“I believe the commission was formed to try and come up with best possible solution to moving forward to protect kids and school,” he said. “I hope they come up with something that will work. I know there are other states, including Texas, that have come up with a viable solution.”

Jackson said Oklahoma’s support for the Second Amendment is prominent and the Legislature typically passes some laws each session related to guns.

“I think there will be a few gun bills that go into law this year. There normally is each year,” he said. “I hope that at the end of the day, the commission and Lt. Gov. Lamb are successful.”

Sen. Patrick Anderson also expressed his faith in the commission to make the right decisions.

“Everybody is deeply concerned about school safety,” he said. “We want to make the best decisions we can, and I have complete confidence in the commission.”

Anderson, R-Enid, said the makeup of the board and Lt. Gov. Lamb’s experience as a former Secret Service agent will allow it make the best decisions possible.

“I think they’re going to come up with a solution that will enhance safety and address everyone’s concerns about our public schools, he said.

Anderson said the Legislature is moving ahead on several pieces of legislation involving guns. One such bill would authorize local school districts to make decisions about allowing teachers that have completed Council on Law Enforcement Education and Training certification to carry a firearm in their school buildings.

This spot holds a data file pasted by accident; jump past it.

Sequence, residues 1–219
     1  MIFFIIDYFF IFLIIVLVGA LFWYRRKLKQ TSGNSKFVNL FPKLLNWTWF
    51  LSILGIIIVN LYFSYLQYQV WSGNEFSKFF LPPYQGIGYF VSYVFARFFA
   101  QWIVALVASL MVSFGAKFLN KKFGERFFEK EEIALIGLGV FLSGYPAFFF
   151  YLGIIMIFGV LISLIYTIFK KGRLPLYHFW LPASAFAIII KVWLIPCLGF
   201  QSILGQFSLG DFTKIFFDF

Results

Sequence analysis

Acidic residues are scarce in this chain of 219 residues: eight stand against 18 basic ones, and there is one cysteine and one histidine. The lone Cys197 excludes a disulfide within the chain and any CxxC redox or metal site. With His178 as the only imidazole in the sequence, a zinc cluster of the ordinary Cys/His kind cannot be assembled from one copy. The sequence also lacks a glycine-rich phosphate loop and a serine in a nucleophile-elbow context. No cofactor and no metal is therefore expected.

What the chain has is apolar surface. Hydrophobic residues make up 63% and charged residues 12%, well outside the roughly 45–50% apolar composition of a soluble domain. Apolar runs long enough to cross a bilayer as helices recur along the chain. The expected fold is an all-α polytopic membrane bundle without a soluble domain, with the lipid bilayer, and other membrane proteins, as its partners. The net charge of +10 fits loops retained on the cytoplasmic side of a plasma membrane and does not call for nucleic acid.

Rep. John Enns, R-Enid, could not be reached Saturday for comment.

Spencer’s group this year is endorsing two separate proposals: one that would allow individuals with a handgun license to leave their gun in their car in school parking lots, and another to give private schools the authority to determine if a license holder can bring a gun onto their campus.

Dozens of other firearms bills would make it easier to get a handgun license, ease penalties for violations and expand where a licensee could bring and carry their weapon.

The bill to give individual districts the option of arming teachers who have completed a 240-hour police training course, which already passed the House Public Safety Committee and is awaiting a hearing before the full House, could gain some momentum, despite opposition from many school officials.

House Speaker T.W. Shannon last week described the bill as “reasonable,” and several sheriffs who attended the meeting said they support the concept.

“On the merit, I like it,” said Shannon, R-Lawton. “It’s a local-control decision, and so I think it’s more than reasonable that we consider that, but again it’s early in the session and it still has to make its way through a long process.”

Longtime educator Trixy Barnes, who spent 40 years as a classroom teacher in Texas and Oklahoma, said she generally is hesitant to support the idea of more guns in schools, but said she could warm up to the idea of carefully selected teachers with the proper background and training carrying a weapon in school.

“I feel that if you have someone trained and who understands the law, and when and how to use a weapon, it can make your classroom safer,” Barnes said. “I still have reservations that those teachers would have to be chosen very carefully.”